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Kohl Blog: Health Coverage for Young Adults

Children can be covered under family health insurance policies until they turn 26 years old.

This spring, many families are preparing for an upcoming graduation. As you or your loved ones get ready for this momentous and exciting occasion, I want to make sure you know about changes that allow children to remain covered under family health insurance policies until they turn 26 years old.

This is essential because it can be difficult for young adults to find health insurance. Many entry level jobs don't provide health benefits, and the jobs that do offer insurance often don't provide great coverage at an affordable cost. Additionally, some young adults simply don't think about health insurance or the need for it. As a result, young adults are persistently the least likely to have health coverage of any age group. This is a problem not only for young Americans without health insurance, but also for overall health care costs because they are more likely to forego preventive services and end up in the emergency room for more expensive care that drives up expenses for all of us. 

This problem is improving. In fact, as of a year ago, roughly one-third of all young adults between the ages of 18 and 25 were uninsured. Fortunately, that percentage is steadily dropping as a result of this new benefit. Now 2.5 million more young Americans are covered by health insurance, including more than 27,000 in Wisconsin, and I want to make sure that you know the necessary details of the provision.

Children under the age of 26 qualify for this benefit even if they are married, not living at home, or not claimed as dependents for tax purposes. The provision extends to adult children whether they are enrolled full-time in school or not, and in most cases, parents can add children to their plan even if their kids are offered health coverage through their own employer. If you need additional information about health coverage for young adults—or for anyone else—I would encourage you to visit www.healthcare.gov. On this website you can also find additional information about other new protections and laws that hold health insurers accountable. For example, the new law also bans insurance companies from dropping young adults when they get sick or have an accident. And, for young adults in new plans there’s free coverage of key preventive services.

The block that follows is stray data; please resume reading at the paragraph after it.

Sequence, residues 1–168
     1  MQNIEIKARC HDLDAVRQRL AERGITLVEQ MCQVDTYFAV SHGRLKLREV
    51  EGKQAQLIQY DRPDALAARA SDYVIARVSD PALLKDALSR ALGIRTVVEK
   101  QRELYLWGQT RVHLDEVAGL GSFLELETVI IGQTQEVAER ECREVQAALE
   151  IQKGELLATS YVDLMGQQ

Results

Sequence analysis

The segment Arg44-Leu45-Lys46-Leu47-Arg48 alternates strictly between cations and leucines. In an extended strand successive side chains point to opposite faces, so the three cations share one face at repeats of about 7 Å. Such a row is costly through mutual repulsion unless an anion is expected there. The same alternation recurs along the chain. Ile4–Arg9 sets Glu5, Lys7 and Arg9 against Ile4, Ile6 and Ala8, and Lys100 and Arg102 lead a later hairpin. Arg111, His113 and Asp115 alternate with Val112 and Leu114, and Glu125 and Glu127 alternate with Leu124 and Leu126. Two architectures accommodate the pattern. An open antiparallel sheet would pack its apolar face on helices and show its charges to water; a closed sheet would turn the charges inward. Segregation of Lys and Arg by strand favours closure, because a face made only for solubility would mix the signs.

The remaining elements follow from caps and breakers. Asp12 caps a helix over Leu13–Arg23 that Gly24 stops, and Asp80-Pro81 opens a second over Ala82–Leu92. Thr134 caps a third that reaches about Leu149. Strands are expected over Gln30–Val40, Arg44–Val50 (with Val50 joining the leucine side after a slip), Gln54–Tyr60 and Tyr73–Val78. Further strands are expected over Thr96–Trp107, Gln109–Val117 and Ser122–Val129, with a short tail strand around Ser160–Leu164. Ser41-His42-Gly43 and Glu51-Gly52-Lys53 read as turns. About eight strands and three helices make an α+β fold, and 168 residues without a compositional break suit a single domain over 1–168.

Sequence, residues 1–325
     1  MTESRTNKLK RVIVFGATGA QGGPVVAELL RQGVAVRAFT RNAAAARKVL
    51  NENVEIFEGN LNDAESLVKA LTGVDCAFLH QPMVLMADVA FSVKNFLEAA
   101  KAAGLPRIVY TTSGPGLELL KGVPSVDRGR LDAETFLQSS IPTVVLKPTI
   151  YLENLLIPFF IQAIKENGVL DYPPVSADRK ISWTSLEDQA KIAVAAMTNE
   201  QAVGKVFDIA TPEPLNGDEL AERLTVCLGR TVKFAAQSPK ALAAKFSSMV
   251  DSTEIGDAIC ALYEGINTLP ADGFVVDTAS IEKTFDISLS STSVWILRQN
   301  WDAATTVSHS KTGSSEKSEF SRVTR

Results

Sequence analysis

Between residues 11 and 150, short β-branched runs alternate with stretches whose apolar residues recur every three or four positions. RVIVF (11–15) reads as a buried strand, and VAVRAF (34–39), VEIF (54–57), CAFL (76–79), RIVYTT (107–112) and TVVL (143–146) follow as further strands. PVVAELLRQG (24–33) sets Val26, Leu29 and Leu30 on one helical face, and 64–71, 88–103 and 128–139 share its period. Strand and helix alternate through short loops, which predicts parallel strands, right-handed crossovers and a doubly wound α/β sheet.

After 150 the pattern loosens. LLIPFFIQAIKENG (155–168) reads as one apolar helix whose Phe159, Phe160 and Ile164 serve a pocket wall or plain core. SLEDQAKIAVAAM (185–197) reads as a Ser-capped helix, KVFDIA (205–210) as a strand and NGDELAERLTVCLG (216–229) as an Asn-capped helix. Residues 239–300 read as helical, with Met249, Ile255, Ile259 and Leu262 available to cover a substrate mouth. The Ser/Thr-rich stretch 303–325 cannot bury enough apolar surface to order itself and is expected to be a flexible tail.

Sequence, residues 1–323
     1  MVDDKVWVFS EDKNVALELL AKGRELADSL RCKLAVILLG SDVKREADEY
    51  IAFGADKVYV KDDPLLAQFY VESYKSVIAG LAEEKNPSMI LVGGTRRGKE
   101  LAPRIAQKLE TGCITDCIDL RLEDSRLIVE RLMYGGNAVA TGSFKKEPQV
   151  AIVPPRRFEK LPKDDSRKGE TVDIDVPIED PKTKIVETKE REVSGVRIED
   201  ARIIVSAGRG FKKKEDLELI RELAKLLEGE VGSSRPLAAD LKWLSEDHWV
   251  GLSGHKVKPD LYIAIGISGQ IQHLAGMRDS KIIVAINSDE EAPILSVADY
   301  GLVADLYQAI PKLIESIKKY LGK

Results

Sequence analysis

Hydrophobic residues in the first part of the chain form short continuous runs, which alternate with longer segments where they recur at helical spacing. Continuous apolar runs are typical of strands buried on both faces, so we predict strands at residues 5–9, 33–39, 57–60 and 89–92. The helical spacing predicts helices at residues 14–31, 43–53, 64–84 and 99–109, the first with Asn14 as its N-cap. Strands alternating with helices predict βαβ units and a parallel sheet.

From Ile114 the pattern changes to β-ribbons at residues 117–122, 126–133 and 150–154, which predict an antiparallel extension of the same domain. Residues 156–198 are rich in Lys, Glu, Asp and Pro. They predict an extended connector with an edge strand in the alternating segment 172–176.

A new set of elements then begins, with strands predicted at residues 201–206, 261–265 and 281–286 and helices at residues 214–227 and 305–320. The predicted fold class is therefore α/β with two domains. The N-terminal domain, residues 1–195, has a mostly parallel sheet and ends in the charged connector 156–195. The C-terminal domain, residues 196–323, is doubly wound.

This post is contributed by a community member. The views expressed in this blog are those of the author and do not necessarily reflect those of Patch Media Corporation. Everyone is welcome to submit a post to Patch. If you'd like to post a blog, go here to get started.

Randy1949 March 24, 2012 at 04:52 PM
@GearHead -- Candy? Really? Access to healthcare is not 'candy', and working adults wouldn't have to 'glom' onto it if employers offered it and it was available at a reasonable price that even people with an entry-level job could afford. The problem is that the whole system is corrupt -- employer-based with no obligation for employers to provide it, and insurance companies allowed to cherry-pick their customers to maximize profits and run up the cost for everyone else.
Randy1949 March 24, 2012 at 05:00 PM
@Rick -- Social Security was always a widows and orphans pension plan in addition to the 'supplement' for a retiree's pension and savings. Divorced spouses only get benefits if they have been married long enough to qualify and they are of retirement age. And in the case of multiple spouses, they share. Medicare is something different, only available since 1965, and instituted because for-profit health insurance had become too expensive for older people to afford on their own. The situation has hardly improved. I'm so glad you have a work ethic. Just understand that some people never had the option of working -- that would include the disabled from birth and retirees. We're all paying the cost of everyone's medical care through higher hospital costs and insurance premiums. We might as well make it more efficient.
Nancy Hall March 25, 2012 at 03:36 AM
@ GearHead...Nobody is "glomming" healthcare. This isn't free. My former employer and I I have to pay premiums for my kids to stay on my insurance. Once my kids are off my insurance, I will no longer be paying for family coverage and my portion of the premiums will go down about $300 a month.
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fgdf September 25, 2012 at 01:31 PM
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